A single, devastating California fire season wiped out years of efforts to cut emissions and slow global warming by turning California into the nation’s largest source of carbon dioxide.
More than 20,000 homes were lost and $200 billion in damage was done to a coastline that was a vital part of the state’s economy to build and attract tourists for hundreds of years. Millions of dollars in property was lost; homes in Santa Rosa, an artist colony and retirement center in Napa, and in San Francisco were all damaged, as was the city of Los Angeles.
California is a state that has become the poster child of the climate crisis — the nation’s largest economy and largest consumer of electricity under a policy that could require the state to buy back its power plants or cap the amount it can export.
President Trump, however, has put his foot down on that very issue, threatening to pull out of the accord that has saved the planet from the most dangerous effects of global warming in return for billions of dollars in aid to California.
A decade-long battle over the fate of the accord is about to reach a climax, as a California judge ruled that the state’s Department of Water Resources faces several weeks of legal hearings over whether it can cut emissions from the state’s major source of carbon dioxide — the power plants.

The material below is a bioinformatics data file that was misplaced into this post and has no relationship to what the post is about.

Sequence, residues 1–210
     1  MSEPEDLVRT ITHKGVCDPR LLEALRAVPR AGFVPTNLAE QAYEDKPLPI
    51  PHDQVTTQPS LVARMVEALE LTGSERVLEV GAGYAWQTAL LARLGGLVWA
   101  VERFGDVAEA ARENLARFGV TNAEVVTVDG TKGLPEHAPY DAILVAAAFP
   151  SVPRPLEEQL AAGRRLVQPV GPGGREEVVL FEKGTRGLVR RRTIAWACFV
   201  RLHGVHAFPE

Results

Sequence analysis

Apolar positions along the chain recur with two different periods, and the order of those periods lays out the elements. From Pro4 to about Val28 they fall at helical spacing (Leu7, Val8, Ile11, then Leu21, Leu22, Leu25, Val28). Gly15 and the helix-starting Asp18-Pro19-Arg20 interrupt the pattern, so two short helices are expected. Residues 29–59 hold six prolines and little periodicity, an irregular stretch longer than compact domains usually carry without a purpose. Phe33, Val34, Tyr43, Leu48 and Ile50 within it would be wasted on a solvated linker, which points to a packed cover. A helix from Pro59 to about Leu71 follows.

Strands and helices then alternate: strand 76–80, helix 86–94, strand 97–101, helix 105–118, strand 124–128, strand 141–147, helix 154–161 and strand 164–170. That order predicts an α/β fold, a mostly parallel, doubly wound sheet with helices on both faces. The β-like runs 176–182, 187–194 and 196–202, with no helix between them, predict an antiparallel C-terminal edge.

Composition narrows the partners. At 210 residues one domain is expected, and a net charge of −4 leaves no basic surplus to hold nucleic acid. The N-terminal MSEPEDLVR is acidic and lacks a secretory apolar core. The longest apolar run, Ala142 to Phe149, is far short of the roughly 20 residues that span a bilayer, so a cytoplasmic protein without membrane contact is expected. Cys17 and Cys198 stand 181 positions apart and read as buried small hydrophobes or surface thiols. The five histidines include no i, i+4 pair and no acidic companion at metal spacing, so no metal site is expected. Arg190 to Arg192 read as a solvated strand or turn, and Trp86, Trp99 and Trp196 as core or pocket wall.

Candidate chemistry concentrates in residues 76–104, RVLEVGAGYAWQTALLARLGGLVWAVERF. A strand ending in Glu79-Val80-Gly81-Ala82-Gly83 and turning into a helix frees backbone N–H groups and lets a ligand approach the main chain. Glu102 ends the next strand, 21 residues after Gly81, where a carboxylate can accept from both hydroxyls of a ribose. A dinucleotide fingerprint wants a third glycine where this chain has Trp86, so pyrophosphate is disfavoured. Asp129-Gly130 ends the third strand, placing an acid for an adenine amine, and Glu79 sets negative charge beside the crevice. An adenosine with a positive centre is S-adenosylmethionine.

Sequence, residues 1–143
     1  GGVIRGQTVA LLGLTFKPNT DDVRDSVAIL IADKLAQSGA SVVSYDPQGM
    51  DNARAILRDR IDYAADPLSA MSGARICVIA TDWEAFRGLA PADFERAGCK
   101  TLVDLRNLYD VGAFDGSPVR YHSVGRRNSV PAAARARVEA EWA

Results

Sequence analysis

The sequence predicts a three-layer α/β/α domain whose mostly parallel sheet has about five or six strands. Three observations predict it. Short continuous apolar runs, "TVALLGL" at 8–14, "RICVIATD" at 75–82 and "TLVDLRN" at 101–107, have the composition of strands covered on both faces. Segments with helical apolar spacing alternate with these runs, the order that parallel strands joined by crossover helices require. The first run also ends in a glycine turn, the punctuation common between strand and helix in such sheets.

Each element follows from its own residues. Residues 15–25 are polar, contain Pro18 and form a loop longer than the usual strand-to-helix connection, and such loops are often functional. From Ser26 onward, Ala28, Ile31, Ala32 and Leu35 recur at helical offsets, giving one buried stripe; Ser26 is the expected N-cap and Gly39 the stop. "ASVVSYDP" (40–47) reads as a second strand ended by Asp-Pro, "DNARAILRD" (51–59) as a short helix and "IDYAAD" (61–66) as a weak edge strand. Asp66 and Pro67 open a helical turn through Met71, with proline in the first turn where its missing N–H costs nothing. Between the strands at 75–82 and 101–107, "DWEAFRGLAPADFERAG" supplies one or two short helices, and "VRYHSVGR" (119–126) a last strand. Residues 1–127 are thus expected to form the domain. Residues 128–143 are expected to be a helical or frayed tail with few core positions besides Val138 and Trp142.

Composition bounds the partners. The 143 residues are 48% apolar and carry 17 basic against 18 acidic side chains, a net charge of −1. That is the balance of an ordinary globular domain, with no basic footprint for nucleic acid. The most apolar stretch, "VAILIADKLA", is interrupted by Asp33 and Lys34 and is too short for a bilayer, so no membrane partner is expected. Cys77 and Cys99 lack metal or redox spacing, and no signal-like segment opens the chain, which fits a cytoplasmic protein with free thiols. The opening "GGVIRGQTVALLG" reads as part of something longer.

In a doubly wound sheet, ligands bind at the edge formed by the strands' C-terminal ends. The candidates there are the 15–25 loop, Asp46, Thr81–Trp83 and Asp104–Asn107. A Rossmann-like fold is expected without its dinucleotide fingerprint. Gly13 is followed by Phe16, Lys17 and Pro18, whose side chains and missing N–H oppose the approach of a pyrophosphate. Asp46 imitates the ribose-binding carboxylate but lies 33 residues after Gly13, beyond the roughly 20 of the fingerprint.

The agency has already spent nearly $9 billion on power-plant replacements over the past decade, according to calculations published by the U.S. Energy Department and industry consultants. If the agency were forced to sell the plants, it would be forced to pick up as much as $16 billion in selling costs alone, according to the calculations.
But the state’s attorney general is threatening to appeal the judge’s decision. The state’s officials are expected to file a legal request for a stay pending an appeal, arguing that the judge is wrong to let the state sell the plants for less than fair market value.
California officials are hoping to convince a federal judge that the state is already meeting its obligations under the law, and that the price of compliance amounts to the fair market value given